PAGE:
Elena Pasquinelli
Exploring full-body interaction with environment awareness 203
Manuel Peinado, Ronan Boulic, Damien Maupu, Daniel Meziat & Daniel Thalmann
Mimicking from perception and interpretation 205
Catherine Pelachaud, Elizabetta Bevacqua, George Caridakis, Kostas Karpouzis,
Maurizio Mancini, Christopher Peters & Amaryllis Raouzaiou
Posting real balls through virtual holes 207
Gert-Jan Pepping
Towards space concept integration in navigation tools 209
Edwidge. E. Pissaloux, Flavien Maingreaud, Eléanor Fontaine & Ramiro Velazquez
Synchronisation in anticipative sensory-motor schemes 213
Jean-Charles Quinton, Christophe Duverger & Jean-Christophe Buisson
Motor and parietal cortical areas both underlie kinaesthesia 215
Patricia Romaiguère, Jean-Luc Anton, Laurence Casini & Jean-Pierre Roll
Evaluation of a haptic game in an immersive environment 217
Emanuele Ruffaldi, Antonio Frisoli & Massimo Bergamasco
Manipulability map as design criteria in systems including a haptic device 221
Jose San Martin & Gracian Trivino
The roles of vision and proprioception in the planning of arm movements 223
Fabrice Sarlegna & Robert Sainburg
Choreomediating kinaesthetic awareness and creativity 225
Gretchen Schiller
Grasping affordances 227
Joanne Smith & Gert-Jan Pepping,
An innovative portable fingertip haptic device 229
Massimiliano Solazzi, Antonio Frisoli, Fabio Salsedo & Massimo Bergamasco
Stability of in-phase and anti-phase postural patterns with hemiparesis 231
Deborah Varoqui, Benoît G. Bardy, Julien Lagarde & Jacques-Yvon Pélissier
Dynamical principles of coordination reduce complexity: the example of Locomotor
Respiratory Coupling 233
Sébastien Villard, Denis Mottet & Jean-François Casties
Simulation validation and accident analysis in operator performance 235
Michael G. Wade & Curtis Hammond
Catching and judging virtual fly balls 237
Frank T. J. M. Zaal, Joost D. Driesens & Raoul M. Bongers
Zoomable user interfaces: Ecological and Enactive 239
Mounia Ziat, Olivier Gapenne, Charles Lenay & John Stewart

List of demos 241

First Author Index 243
Keyword Index 245
3rd International Conference on Enactive Interfaces (Enactive /06) 9


The Third International Conference on Enactive Interfaces (Enactive / 06) is the annual conference
of the European Network of Excellence ENACTIVE. Extending our first two meetings, the aim of
the conference is to encourage the emergence of a multidisciplinary research community in a new
field of research and on a new generation of human-computer interfaces called Enactive Interfaces.
Enactive Interfaces are inspired by a fundamental concept of “interaction” that has not been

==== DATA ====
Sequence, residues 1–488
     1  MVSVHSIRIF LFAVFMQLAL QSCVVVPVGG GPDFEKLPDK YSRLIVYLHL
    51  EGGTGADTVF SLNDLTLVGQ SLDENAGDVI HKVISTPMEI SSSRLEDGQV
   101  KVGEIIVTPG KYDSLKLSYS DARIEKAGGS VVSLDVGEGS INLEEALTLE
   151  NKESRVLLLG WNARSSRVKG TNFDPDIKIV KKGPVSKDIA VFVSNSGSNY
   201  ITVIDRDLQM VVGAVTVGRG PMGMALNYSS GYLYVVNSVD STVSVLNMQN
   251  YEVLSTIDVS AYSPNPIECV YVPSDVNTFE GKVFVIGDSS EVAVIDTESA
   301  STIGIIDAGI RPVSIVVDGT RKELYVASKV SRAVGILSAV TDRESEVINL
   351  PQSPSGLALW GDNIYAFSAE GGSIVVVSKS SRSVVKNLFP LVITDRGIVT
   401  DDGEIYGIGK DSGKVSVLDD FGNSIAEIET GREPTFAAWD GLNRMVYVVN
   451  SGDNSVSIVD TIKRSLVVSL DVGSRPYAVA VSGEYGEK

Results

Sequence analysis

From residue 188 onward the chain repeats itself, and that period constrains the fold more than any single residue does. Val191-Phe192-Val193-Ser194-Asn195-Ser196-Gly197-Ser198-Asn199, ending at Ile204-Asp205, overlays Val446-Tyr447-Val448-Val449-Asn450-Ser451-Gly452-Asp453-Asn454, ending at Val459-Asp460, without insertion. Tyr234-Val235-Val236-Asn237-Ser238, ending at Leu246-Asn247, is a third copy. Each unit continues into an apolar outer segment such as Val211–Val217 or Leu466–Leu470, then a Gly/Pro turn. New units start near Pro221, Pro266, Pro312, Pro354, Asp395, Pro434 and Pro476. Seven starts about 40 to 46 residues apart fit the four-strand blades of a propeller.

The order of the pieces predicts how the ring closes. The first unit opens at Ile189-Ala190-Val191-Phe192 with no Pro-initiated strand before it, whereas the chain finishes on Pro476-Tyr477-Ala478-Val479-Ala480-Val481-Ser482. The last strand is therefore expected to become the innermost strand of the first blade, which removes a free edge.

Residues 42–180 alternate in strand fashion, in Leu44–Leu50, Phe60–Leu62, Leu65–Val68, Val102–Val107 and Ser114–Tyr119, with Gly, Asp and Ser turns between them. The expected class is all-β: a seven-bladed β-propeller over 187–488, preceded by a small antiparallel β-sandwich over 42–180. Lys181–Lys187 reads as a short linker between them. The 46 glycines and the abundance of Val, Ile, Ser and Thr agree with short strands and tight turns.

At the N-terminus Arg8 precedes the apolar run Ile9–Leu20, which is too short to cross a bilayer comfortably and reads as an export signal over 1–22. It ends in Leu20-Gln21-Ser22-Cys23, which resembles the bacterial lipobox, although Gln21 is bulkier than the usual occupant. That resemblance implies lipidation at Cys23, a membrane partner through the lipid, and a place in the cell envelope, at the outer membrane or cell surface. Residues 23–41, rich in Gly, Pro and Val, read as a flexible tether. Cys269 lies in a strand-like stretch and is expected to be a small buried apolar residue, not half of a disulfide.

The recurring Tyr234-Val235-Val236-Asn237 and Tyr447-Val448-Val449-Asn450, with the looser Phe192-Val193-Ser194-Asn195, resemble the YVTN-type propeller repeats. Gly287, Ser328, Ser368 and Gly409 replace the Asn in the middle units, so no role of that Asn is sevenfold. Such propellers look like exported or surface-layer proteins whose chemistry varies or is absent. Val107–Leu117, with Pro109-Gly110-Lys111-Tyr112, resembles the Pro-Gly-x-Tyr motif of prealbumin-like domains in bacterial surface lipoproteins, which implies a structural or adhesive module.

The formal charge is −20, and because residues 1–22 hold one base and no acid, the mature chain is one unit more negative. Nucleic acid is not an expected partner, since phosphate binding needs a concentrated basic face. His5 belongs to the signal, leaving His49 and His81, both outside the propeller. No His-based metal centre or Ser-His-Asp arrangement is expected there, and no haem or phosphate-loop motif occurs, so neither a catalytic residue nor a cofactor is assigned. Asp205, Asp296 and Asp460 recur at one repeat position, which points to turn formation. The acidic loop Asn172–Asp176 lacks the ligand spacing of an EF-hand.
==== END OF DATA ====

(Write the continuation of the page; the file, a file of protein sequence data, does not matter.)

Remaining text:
exploited by other approaches to the design of human-computer interface technologies.

ENACTIVE knowledge is information gained through perception-action interactions with the

environment. Examples include information gained by grasping an object, by hefting a stone, or by
walking around an obstacle that occludes our view. It is gained through intuitive movements, of
which we often are not aware. Enactive knowledge is inherently multimodal, because motor actions
alter the stimulation of multiple perceptual systems. Enactive knowledge is essential in tasks such
as driving a car, dancing, playing a musical instrument, modelling objects from clay, performing
sports, and so on. Enactive knowledge is neither symbolic nor iconic. It is direct, in the sense that it
is natural and intuitive, based on experience and the perceptual consequences of motor acts.

ENACTIVE / 06 highlights particularly convergences between the concept of Enaction and the
sciences of complexity. Biological, cognitive, perceptual or technological systems are complex
dynamical systems exhibiting (in)stability properties that are consequential for the agent-
environment interaction. The conference provides new insights, through the prism of ENACTIVE
COMPLEXITY, about human interaction with multimodal interfaces.

Building on the tradition of past symposia, these Proceedings present the state of the art in theory
and applications of Enaction, in a wide variety of topics and disciplines. All together, ENACTIVE /
06 includes 2 keynote lectures, 3 thematic symposia (4 speakers each), 22 free talks, 69 posters and
13 hands on / demos, for a total of 118 presentations. Speakers originate from 18 countries,
including Belgium, Brazil, Canada, China, Denmark, Finland, France, Greece, Ireland, Israel, Italy,
Japan, The Netherlands, Spain, Sweden, Switzerland, United Kingdom, USA. Participants at the
conference include about 200 researchers, students, or engineers, from several disciplines in
science, technology, and art.

Many thanks are due.

In the first place, we wish to thank all the scientists who contributed to this volume and
participated in the conference, and we express our gratitude and encouragement to the authors
whose submissions were not successful. We also express our gratitude to our co-chairs, Teresa
Gutiérrez, Roberto Casati, and Carsten Preusche, for their help in preparing the scientific program
of ENACTIVE / 06, and to the 51 members of the review committee who have evaluated the
contributions. They are too numerous to appear here but their names are listed in this volume. To
all, thank you for having contributed to this conference.

The project benefited from the constant support of Marielle Cadopi, Dean of the Faculty of
Sport and Movement Sciences of the University Montpellier-1 (UM1), and we thank her warmly.
Thanks are also due to Dominique Deville de Périère, President of UM1, and to Jean-Claude Rossi,
Research Vice-president of UM1, for their continuous support. Special thanks are due to Philippe
Paillet, the director of the Financial and Economic Division of UM1, and to his team, for their
irreplaceable help.

Support for the Third International Conference on Enactive Interfaces was provided by the